Medicaid Infested With Fraud
As the Obama Administration pushes for universal government-run healthcare a congressional audit reveals exorbitant fraud and abuse in the government’s decades-old insurance program for the poor, questioning the feds’ ability to handle a bigger plan that covers millions more.
During a two-year period alone, investigators from the Government Accountability Office (GAO) found 65,000 instances of fraud involving Medicaid’s prescription drug program in only a handful of states. The estimated cost to U.S. taxpayers is about $65 million but the best part is that state and federal officials failed miserably to prevent the outrageous scams.
Only five states (California, Illinois, New York, North Carolina and Texas) were probed so the crisis is thought to be much more widespread than documented in the GAO’s 18-page report. After all, Medicaid, which is jointly funded by states and the federal government, spends $23 billion on drugs for low-income patients each year.
In the probed states, about $2.3 million went to practitioners and pharmacies barred or excluded from federal health care programs, including Medicaid. Nearly 2,000 prescriptions were written for dead patients and 1,200 prescriptions were written by dead doctors. The most frequently abused prescription drugs were painkillers and mood-altering medications.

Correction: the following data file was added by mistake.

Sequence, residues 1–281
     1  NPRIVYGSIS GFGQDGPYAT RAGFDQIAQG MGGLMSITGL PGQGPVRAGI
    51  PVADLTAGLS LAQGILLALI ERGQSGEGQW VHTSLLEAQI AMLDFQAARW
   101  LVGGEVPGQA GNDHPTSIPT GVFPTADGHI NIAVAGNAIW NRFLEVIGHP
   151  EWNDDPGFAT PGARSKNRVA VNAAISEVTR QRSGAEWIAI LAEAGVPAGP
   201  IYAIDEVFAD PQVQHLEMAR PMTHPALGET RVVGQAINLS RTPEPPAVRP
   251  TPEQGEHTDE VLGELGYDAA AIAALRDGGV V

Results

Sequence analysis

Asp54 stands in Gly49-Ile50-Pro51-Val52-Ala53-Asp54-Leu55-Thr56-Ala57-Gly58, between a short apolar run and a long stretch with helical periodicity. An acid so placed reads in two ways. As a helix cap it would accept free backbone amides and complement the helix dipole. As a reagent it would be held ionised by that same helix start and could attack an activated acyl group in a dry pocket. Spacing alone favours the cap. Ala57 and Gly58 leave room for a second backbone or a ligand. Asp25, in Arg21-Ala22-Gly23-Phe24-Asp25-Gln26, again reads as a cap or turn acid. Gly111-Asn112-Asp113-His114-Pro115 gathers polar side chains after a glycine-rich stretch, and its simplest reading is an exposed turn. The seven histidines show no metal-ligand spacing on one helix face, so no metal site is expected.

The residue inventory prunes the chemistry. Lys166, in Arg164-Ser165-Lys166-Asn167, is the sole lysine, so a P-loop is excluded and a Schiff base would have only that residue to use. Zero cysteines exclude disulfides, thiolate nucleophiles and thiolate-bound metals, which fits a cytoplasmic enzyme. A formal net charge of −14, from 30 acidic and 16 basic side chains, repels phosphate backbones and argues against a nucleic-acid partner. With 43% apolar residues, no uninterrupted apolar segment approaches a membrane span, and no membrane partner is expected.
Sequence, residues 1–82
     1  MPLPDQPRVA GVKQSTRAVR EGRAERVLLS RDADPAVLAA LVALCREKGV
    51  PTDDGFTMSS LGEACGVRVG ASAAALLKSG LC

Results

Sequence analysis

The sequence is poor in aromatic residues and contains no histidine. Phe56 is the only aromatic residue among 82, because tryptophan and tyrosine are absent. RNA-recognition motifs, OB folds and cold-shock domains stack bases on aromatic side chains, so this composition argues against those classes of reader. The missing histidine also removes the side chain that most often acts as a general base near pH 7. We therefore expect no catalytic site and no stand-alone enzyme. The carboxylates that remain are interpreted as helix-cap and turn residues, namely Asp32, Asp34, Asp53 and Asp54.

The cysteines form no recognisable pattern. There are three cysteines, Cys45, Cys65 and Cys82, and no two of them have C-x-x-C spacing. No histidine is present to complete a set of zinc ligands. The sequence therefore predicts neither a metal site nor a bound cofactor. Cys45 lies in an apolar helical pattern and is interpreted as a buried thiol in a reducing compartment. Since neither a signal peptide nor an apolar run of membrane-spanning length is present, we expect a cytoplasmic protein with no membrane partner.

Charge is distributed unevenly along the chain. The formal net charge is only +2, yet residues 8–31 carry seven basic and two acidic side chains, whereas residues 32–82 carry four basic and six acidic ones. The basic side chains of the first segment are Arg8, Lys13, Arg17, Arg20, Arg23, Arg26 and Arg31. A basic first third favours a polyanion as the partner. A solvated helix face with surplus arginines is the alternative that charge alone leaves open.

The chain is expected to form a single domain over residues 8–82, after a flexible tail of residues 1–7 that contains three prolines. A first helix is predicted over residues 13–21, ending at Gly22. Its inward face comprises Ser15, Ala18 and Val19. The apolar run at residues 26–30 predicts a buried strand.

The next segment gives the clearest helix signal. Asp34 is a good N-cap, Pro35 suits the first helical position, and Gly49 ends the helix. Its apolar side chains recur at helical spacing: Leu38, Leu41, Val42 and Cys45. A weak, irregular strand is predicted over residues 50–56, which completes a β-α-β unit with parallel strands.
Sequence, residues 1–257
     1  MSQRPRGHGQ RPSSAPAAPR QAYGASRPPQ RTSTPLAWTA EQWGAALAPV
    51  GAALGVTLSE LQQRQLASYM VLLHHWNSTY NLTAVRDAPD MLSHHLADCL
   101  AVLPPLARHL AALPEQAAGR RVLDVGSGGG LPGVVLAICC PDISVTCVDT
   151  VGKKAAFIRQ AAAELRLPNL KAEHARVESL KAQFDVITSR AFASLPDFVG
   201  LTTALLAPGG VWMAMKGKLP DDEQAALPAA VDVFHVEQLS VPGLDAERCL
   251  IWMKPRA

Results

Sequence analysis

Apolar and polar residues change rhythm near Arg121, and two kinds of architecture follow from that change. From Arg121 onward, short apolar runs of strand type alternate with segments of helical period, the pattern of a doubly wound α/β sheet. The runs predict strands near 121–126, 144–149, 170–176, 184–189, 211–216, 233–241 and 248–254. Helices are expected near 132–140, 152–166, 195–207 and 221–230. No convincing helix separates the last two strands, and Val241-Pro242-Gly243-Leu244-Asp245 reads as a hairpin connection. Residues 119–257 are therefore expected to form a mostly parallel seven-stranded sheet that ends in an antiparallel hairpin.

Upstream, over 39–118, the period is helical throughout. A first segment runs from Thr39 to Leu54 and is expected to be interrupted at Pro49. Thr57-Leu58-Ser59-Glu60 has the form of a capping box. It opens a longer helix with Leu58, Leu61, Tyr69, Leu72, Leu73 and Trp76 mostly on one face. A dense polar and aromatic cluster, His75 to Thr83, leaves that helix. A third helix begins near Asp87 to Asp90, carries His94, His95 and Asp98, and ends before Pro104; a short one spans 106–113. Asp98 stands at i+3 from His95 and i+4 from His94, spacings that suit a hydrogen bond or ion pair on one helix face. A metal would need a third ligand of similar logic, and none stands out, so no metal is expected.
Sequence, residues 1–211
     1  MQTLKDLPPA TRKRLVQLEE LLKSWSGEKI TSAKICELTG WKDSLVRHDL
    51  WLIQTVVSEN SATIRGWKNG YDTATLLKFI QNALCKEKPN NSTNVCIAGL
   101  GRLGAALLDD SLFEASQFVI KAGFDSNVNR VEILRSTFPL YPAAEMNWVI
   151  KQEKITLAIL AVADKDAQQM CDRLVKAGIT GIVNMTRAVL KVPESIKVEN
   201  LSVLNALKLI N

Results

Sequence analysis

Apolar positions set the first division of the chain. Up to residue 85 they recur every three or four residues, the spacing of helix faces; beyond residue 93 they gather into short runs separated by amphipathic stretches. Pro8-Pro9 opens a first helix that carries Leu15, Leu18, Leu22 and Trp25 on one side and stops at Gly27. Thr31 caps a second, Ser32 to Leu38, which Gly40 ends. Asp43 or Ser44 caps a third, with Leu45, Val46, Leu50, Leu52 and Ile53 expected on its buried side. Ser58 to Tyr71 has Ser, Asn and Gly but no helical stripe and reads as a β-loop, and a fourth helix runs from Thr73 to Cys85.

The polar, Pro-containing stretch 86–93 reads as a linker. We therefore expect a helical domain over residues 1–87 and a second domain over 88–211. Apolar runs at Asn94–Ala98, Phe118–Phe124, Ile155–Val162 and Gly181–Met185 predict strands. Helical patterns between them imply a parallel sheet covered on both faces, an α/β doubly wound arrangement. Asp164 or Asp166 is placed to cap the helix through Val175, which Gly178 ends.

A detailed chart offers a breakdown of the various drugs that were fraudulently prescribed in the different states and how much Medicaid paid for them. The report also offers numerous anecdotes that illustrate the rampant corruption in the taxpayer-funded program that also covers anchor babies, the offspring illegal immigrants.
They include a man allowed by county officials in California to use the identity of a deceased person to get Medicaid benefits, a physician who prescribed expensive controlled substances to a dead woman, a Texas mother with a criminal history allowed to get various controlled stimulants in the name of her child and unqualified medical assistants writing prescriptions using dead physicians’ licenses.
In every case, investigators determined that the abuse should have been caught by negligent local, state or federal officials who instead missed the boat and allowed taxpayers to get cheated. This certainly indicates that the government cannot efficiently operate a much larger universal plan that affects the entire country.